Numbers have always been around us. Be it in school, the workplace, or our life as a whole, we find numbers. In this blog, we will learn how to convert fractions to decimals without using any calculator or converters online. You may have heard it already, so in this article, we will go deeper into this topic. It is essential not only for Accountancy, Business and Management (ABM) students but also for those aspiring to ace some exams that involve such topic, just like the Civil Service Exam.

**What's in this article?**

*A. Converting fractions to decimals*

*B. Detailed Guide and Quick Tricks*

*C. Reviewer with detailed solutions*

Mastering the skill of converting fractions, decimals, and percentages is essential. When you know how to convert between these forms will make it easier and more effective for you to compare values, solve problems, and interpret data. While it is true that you might not master it in one sitting, you may always view this page for step-by-step examples for converting fractions to decimals or just download the reviewer with detailed solutions at the end of this article. *Mastery is the key!*

Nowadays, it is effortless to use a fraction-to-decimal conversion tool or calculator online. However, in this guide, we will do it manually. Why? It is to master this topic and avoid cheating yourself. Most importantly, it is for you to learn it by heart. With this, you'll thank yourself later because when you see problems like these in the future, you might just smile and do it without any hesitation.So let's start.

**Converting fractions to decimals**

*Generally, you may do it by simply dividing the numerator by the denominator.*

**Numerator **- The number **above** the underline.

**Denominator** - The number **below** the underline.

Let's start first with ** proper fractions** or those whose numerator is always smaller than its denominator.

**Examples:**

**1. Convert the fraction 1/4 to its decimal form.**

First step: Add a decimal point and two zeros after the numerator.

2.00

Take note that you are doing it to somehow simplify the division. Use it as if it's 200, then don't forget to move the decimal point to the left later, depending on the number of zeros you add.

Second Step: Proceed with division.

**You will get 0.50**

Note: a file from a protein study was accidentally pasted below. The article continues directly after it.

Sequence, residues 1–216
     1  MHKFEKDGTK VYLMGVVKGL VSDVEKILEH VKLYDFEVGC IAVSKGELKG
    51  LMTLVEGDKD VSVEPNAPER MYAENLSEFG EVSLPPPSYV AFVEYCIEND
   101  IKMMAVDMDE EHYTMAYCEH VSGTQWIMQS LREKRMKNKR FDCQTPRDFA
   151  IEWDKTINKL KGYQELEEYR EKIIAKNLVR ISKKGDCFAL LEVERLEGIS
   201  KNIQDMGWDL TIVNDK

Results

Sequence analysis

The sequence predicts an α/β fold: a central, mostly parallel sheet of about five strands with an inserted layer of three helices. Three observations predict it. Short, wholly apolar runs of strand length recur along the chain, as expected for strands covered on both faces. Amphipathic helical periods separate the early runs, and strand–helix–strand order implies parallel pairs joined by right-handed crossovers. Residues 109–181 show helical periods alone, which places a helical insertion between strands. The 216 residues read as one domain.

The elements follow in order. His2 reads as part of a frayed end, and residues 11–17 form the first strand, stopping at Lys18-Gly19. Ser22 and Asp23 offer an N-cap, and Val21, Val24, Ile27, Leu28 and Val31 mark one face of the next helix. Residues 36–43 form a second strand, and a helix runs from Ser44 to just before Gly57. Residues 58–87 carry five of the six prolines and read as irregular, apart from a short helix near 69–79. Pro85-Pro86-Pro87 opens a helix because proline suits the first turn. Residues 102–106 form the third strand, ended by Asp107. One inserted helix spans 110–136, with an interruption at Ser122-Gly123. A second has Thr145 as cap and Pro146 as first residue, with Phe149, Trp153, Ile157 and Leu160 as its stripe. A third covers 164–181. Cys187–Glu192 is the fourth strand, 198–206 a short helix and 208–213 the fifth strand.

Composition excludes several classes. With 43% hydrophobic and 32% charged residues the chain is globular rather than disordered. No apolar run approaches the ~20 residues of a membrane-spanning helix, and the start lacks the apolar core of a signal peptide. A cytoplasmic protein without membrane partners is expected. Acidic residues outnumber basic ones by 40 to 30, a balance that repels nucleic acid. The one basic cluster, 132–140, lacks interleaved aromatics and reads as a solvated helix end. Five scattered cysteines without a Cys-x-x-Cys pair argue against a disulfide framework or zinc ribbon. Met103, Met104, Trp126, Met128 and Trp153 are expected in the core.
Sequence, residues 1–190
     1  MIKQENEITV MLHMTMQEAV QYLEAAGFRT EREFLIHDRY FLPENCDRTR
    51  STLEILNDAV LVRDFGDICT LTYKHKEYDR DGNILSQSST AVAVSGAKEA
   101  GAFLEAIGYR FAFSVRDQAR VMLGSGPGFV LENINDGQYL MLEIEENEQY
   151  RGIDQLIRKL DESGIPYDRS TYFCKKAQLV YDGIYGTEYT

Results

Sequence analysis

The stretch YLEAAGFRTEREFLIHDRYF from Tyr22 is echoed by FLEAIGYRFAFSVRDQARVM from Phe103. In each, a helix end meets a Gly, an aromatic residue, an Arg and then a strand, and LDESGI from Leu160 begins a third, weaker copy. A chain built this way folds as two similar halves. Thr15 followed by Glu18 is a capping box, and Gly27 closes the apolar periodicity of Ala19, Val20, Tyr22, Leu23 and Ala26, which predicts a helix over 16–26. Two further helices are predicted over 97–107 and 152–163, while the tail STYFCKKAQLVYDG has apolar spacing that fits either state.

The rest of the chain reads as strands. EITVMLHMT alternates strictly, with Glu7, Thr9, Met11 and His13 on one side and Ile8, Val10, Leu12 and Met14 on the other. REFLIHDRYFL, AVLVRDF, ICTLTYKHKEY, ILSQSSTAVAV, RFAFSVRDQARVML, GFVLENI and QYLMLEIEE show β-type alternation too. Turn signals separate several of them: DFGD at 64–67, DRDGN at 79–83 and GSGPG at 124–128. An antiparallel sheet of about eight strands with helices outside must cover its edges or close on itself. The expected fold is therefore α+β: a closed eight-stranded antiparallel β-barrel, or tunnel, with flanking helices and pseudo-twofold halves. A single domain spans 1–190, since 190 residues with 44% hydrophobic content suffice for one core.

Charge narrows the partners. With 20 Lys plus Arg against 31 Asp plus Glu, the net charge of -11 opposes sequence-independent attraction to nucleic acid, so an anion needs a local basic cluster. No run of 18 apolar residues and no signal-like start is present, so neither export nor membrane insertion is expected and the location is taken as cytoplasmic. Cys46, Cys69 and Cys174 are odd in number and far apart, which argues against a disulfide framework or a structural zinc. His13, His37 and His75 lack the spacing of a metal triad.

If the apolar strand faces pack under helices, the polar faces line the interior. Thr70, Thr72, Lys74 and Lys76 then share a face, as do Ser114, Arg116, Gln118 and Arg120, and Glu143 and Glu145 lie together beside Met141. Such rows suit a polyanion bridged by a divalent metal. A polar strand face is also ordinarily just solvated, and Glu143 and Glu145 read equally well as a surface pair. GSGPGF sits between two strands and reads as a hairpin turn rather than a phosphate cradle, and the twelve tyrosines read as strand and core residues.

**2. Convert 14/56 to decimal form.**

First step: Step: Add a decimal point and two zeros after the numerator

14.00

Second Step: Proceed with division.

**You will get 0.25**

**3. Convert 9/10 to decimal.**

First step: Add a decimal point and two zeros after the numerator

9.00

Again, you are doing it to somehow simplify the division. Use it as if it's 900, then just move the decimal point to the left later, depending on the number of zeros you include.

Second Step: Proceed with division.

**You will get 0.90**

**Another method: Quick Trick**

Suppose the denominator of a fraction is a power of 10 (for example, 10, 100, 1000, etc.). In this case, you will just move the decimal point to the left depending on the number of zeros in the denominator.

In the example problem, 10 is the denominator.

It has one "0" right? In that case, just move the numerator's decimal point to the left one time.

From 9, move the decimal point to the left for one time only, and it will become to **0.90**

**4. 45/100 to decimal form.**

From 45, move the decimal point two times (because the denominator has two zeros), and it will become **0.45**

Did you get it? Anyway, here's another one: 39/1000

From 39, move the decimal point three times (because the denominator has 3 zeros), and it will become 0.039 or **0.04**

Don't get confused. Since you have to move the decimal point three times to the left, and it just happened that after the second move, there is no number already, you may add zero.

In the example, it became **0.04** because it was rounded off to the nearest cent or two decimals.

Let's proceed with ** improper fractions** or those with larger numbers in the numerator than the denominator. Examples are 3/2, 88/16, 54/24, etc.

**5. Convert 3/2 in decimal form.**

First step: Add a decimal point and two zeros after the numerator

3.00

You are doing it to simplify the process.

Second Step: Proceed with division.

You will get **1.50**

**6. Convert 88/16 in decimal form.**

88.00/16 = **5.50**

**7. Convert 54/24 in decimal form.**

54.00/24 = **2.25**

**8. Convert 885/45 to decimal form**

885.00/45 = 19.6666666 or **19.67**

If you have noticed, the decimals are repeating. That is called a recurring decimal.

**9. Convert 200/15 to decimal form.**

200.00/15 = 13.333333 or **13.33**

**10. Convert 1 1/3 to decimal form.**

Don't get threatened by the extra whole number. That is called a mixed fraction. You will just need to convert it to an improper fraction first before converting it to decimal form.

To do that, multiply the denominator to the whole number then add the numerator. The resulting number would become the new numerator.

In the example, 3 times 1 plus 1 = 4. Therefore, it is 4/3.

Again, add the decimal point and two zeros to 4.

4.00/3 = **1.33**

**Another method: Quick trick**

Set aside the whole number. Then, just divide the remaining fraction.

Let's apply it in the given example: 1 1/3. Set aside 1 and divide the numerator (1) by the denominator (3).

That would be **1.33**

This method is much easier and shorter. The purpose of showing the long method is for you to analyze how it happened.

**11. Convert 8 6/15 to decimal form.**

Long method: 15 times 8 plus 6 = 126. Therefore, it becomes 126/15.

126.00/15 = 8.40

Quick method: Set aside 8, and divide 6 by 15. Then combine. That will become 8.40

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